Lighthill’s slender-body theory
Lighthill gave a simple physical derivation for an integral relating the velocity of a point on a filament to the distribution of forces per unit length acting on the filament (17); (18). The singular solutions are point forces, or Stokeslets, and source doublets. Let denote the centerline of the filament, where is arclength. For our helix, , where is the polar angle.
Since Stokes flow depends only on the instantaneous velocity of the filament, and since we consider rigid body motion, it is sufficient to consider the position of the helix at only one instant of time. Denoting the vector from one point on the helix to another by , Lighthill’s slender-body theory formula for the velocity of a point on the centerline of the filament is
where is the part of that is normal to the filament centerline, and the short distance cutoff, (17); (18) , where ‘e’ is the natural exponent. Lighthill argued that the errors in his formula can be as small as , and Childress showed that the errors are no worse than (26).
It is convenient to parametrize the helix by the angle . The short-distance cutoff corresponds to a cutoff in the angle, defined by . In our experiments, the pitch angle is changed for a given helix by stretching the wire, which changes the pitch and radius , but keeps the contour length fixed. As before we denote the contour length of one helical pitch by . Since , the cutoff angle is approximately . This expression is accurate to three significant figures over the range of that we measure.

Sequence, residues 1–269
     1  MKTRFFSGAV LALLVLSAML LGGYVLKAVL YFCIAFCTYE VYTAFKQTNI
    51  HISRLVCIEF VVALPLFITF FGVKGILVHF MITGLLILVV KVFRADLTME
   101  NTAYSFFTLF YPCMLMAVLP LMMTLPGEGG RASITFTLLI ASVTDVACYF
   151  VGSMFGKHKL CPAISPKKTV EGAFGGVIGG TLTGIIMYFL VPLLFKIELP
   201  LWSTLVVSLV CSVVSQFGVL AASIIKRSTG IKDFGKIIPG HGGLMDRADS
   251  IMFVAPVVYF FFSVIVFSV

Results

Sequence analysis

Just as in our resistive-force theory calculation, the force per unit length at a given point has only a component. Since our experiments show that the zero-force swimming speed is independent of immersed length once the immersed length is greater than one or two wavelengths, we may consider an infinite helix for which the magnitude of is uniform. Thus, we find
where . This integral is readily evaluated numerically. The predictions of Lighthill’s formula for are shown in Fig. 5 for two different values of .
Johnson’s slender-body theory
Johnson gave a more rigorous derivation of slender-body theory (27), building on ideas of Keller and Rubinow (29). By assuming that the filament has tapered ends, with a radius , Johnson derived slender-body theory formulas with accuracy. The velocity of a point on the filament is broken into local and nonlocal terms, , where
with is the local tangent vector, and
For the helix, , where
The expressions and are readily evaluated numerically. The predictions of Johnson’s slender-body theory for force-free swimming helices are also plotted in Fig. 5.